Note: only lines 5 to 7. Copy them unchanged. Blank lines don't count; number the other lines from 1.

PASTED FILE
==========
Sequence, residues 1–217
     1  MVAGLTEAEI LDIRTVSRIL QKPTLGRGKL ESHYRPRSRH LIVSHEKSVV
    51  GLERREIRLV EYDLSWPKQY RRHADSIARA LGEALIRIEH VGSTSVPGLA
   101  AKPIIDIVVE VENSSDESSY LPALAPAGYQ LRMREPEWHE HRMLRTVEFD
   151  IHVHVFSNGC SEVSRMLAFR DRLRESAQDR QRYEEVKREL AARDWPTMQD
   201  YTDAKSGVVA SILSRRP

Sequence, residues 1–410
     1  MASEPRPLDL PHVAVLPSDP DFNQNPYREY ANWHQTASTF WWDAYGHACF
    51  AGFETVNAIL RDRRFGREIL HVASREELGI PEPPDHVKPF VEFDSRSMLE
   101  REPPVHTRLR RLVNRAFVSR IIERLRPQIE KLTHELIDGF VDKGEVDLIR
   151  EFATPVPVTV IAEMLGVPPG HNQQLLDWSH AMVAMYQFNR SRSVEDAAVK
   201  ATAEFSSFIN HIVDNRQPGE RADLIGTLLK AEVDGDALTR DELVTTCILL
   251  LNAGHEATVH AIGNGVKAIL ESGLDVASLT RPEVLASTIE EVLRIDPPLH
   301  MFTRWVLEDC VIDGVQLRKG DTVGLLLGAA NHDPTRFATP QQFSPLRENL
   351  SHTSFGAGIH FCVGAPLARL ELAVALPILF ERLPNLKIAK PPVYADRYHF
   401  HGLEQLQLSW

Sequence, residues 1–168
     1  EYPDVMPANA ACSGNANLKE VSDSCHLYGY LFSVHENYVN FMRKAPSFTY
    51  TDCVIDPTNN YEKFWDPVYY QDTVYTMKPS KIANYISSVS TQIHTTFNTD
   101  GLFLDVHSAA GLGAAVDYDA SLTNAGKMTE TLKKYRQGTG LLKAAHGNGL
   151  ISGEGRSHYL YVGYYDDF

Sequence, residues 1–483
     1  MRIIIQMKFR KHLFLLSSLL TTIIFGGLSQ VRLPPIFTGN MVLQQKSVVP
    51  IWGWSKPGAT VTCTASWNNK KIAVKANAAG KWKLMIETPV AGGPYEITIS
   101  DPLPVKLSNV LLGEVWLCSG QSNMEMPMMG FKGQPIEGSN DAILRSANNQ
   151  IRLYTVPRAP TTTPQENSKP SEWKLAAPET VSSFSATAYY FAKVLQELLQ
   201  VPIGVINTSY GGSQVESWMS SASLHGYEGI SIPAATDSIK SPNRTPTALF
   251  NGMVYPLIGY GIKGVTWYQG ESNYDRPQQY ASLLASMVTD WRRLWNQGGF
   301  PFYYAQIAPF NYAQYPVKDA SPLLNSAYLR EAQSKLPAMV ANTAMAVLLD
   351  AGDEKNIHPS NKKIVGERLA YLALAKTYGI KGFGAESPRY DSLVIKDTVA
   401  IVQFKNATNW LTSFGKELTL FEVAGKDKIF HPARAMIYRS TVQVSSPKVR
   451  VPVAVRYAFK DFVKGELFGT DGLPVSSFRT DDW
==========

   151  IHVHVFSNGC SEVSRMLAFR DRLRESAQDR QRYEEVKREL AARDWPTMQD
   201  YTDAKSGVVA SILSRRP

Sequence, residues 1–410